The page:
When you are changing the settings on the Odin TCU, the remote speedlight would update immediately, just like they are directly attached to the camera. For example, when I change my camera’s ISO setting from ISO 100 to ISO 1600. I can see my remote SB900’s display updated pretty much at the same time.

Phottix claims the Odin TTL triggers support high speed sync so you can shoot at maximum shutter speed of 1/8000s (but it depends on camera/speedlight). This is a very important feature and I will test it and see if it works a bit later in this review.

 

Working Range Test

Phottix claims the Odin’s working range is 100m+ which is quite a long distance. So I took my camera, SB900 speedlight and Odin triggers outdoor to see whether the claimed 100M+ range is true or not

I connect my SB900 to an Odin receiver. The TCU was mounted on my Nikon D800. And set the flash firing mode to MANUAL.
I started the test by standing at approximately 15m from my remote speedlight. 3 consecutive shots was fired and I reviewed each photo to see if the flash was triggered successfully in all of the 3 photos. If true, then I walk a bit further away and repeat the test. Although the radio base trigger like the Odin doesn’t require a direct line of sight to work, the trigger signal strength will be reduced if there is any object in between the TCU and the receiver. And the signal strength reduced will depend on the size, shape, material of the object in between. So to keep things simple and consistent, I made sure there is a direct line of sight with the receiver during the working range test.

So the flash got triggered successfully 100% at 15m, 30m, 45m (which the CLS would normally stop workng), then 60m, 75m, 90m.

Then at 105m, eveyrthing still worked perfectly. So the claimed 100m distance is true. I decided to conitnue the test and see how the Odin response.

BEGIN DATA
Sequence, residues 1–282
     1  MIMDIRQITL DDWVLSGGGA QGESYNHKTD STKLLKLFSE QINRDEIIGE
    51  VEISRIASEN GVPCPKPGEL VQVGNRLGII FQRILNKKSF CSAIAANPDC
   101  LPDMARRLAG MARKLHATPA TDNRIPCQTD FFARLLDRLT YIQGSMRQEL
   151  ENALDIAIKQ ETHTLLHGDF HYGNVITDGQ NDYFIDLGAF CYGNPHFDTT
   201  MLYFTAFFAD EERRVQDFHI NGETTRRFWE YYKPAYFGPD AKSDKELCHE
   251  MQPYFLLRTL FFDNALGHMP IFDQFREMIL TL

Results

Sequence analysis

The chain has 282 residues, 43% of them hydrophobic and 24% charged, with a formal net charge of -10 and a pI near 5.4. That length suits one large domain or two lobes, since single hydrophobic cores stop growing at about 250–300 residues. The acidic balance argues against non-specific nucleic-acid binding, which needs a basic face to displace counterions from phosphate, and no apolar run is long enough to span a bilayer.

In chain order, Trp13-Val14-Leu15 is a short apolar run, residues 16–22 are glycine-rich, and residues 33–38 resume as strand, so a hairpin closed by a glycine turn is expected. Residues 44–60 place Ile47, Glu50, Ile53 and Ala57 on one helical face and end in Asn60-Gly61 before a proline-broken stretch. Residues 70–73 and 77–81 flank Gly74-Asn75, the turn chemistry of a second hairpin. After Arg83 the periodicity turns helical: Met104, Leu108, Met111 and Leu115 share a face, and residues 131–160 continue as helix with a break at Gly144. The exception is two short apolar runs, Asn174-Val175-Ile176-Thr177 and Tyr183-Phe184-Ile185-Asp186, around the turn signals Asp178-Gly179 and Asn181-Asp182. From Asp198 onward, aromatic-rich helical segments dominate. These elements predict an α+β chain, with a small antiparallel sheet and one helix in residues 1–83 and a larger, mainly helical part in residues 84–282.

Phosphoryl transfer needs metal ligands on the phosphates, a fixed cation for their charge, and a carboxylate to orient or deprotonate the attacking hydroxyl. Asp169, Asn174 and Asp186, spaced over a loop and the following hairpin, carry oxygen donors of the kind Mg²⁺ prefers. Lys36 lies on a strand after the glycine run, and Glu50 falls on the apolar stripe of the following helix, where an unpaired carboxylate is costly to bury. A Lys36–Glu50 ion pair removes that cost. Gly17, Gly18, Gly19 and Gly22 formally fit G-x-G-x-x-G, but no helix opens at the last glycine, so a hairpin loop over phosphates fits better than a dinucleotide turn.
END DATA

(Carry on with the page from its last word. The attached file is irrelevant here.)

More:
So 120m, 135m, the flash was still triggered 100%

And this is the results at 150m:

In case the photo is too small to see, the remote SB900 150m away was triggered successfully in every one of the three test shots.
Unfortunataely I ran out of space and couldn’t really continue the test.

 

Working Range Test 2

In the previous test, I found out the triggers still working perfectly in an open area up to 150m away. I want to see how much further away can I go, so I went to another bigger outspace and retest the maximum working range.

I started at around 150m distance. Just like the previous test, the trigger worked perfectly at that distance:

So I continue walk further and further away from my remote SB900. And repeated the test every 15-20m. Very soon, i couldn’t see my speedlight anymore (partly because it was quite dark already) while the trigger was still working 100%.

And this is the last photo I took before i ran out of space again!

The distance from my speedlight at that point? 350m !!!!

Yes I was 350m away,and the trigger was still firing the remote speedlight perfectly at that distance!

I don’t know how much futher I can go before the trigger will stop working, but to be honest, at 350m away, I can’t even see my remote speedlight anymore and the output from the speedlight was really pretty weak even I was shooting at ISO3200 and f/1.4 already. So yes I’ll probably have to come to the conclusion that the Odin’s working range is more than anyone ever needed!

 

Hi Speed Sync